Into the wilderness of Lent…
- The Rev. Grady "Buddy" Crawford
- Feb 24, 2015
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Into the wilderness of Lent…
For me the most prominent image of Lent is that of a wilderness. Maybe it is because the gospel on the first Sunday of Lent focuses on Jesus’ baptism and his forty days of testing and temptation. Or maybe it is because in my hometown parish we sang the hymn, “Forty Days and Forty Nights” – in a dirge-like manner – every single Sunday of Lent.
“Forty days and forty nights thou wast fasting in the wild; forty days and forty nights tempted, and yet undefiled.”
The word wilderness stirs up for me images of rocky places, of land that is difficult to traverse, risky places inhabited by wild animals, and open expanses that are inhospitable and desolate. For me Lent will likely always be a time of entering the lonely places of quiet introspection that can feel like a desert.
A prominent image of wilderness is found in the Exodus. Freed from Egyptian bondage the Israelites journeyed with Moses through the wilderness to reach the land of promise. While filled with hope at the prospect of inhabiting their own land, the difficult journey caused many to yearn for the familiar, for life back in Egypt. Even though returning would mean a life of slavery. Even though God promised to be with them, visibly present in a pillar of cloud by day and a pillar of fire at night. But at times the familiar habits and routines of our lives hold us captive from entering a new way of being with God.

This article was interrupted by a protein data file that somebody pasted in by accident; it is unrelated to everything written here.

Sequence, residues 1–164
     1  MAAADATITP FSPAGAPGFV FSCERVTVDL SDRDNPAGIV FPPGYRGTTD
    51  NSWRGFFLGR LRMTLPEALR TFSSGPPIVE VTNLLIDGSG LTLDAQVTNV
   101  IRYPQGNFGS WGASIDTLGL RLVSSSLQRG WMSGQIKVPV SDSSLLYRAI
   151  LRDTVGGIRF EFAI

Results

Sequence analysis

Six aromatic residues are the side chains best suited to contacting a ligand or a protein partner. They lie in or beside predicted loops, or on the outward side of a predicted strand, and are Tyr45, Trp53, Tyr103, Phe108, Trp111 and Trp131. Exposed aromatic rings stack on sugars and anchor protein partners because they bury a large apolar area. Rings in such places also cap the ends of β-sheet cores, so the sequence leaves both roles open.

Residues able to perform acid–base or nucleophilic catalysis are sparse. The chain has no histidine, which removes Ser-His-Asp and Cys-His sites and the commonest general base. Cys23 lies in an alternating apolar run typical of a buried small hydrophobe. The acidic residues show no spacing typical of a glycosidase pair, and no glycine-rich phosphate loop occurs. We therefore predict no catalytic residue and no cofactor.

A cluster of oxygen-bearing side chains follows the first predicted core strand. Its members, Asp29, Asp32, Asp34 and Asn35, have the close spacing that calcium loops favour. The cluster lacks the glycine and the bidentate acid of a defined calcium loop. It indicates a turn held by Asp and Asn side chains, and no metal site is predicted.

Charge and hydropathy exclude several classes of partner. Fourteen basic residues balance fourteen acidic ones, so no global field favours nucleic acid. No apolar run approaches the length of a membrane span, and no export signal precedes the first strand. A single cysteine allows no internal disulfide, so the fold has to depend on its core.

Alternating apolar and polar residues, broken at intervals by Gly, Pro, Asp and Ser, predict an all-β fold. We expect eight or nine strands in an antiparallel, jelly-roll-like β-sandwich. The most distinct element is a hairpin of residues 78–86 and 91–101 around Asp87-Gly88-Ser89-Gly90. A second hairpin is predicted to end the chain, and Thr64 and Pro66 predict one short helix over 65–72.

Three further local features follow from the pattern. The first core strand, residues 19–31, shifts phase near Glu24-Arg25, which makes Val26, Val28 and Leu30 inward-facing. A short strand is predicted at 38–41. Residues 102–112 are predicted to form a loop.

Lent provides a time to begin a journey with a promise of strengthening our relationship with God. We don’t always know the exact route we will follow. But we make the journey with the hope of finding time to pray; to read, mark, and learn the scriptures; to seek a deeper knowledge of God. Lent is a time when we let go of the things that hinder our encounters with God - to die. Lenten practices can become challenging and when they do we may want to return to our former ways.
Jesus is driven into the wilderness to face temptations to show us his reliance on God. If we get weary in our discipleship, we can draw strength from his example. And like the Israelites who Moses leads from bondage to freedom we too have a promise. Jesus has sent us the gift of the Holy Spirit, a constant abiding presence that leads us ever deeper into the heart of God. There is another promise that is central to our Christian faith. That death is not final; it is only a new beginning in the nearer presence of God. Hang on to these promises as you journey through Lent.
O God with us as pillar of fire and cloud,
You bring light to the night,
And give us shade from the burning sun:
Guide and protect us on our Lenten journey,
That we might learn to wholly trust in you as
Your pilgrim people,
This we pray in the name of Jesus Christ our Lord. Amen.
-The Rev. Buddy Crawford-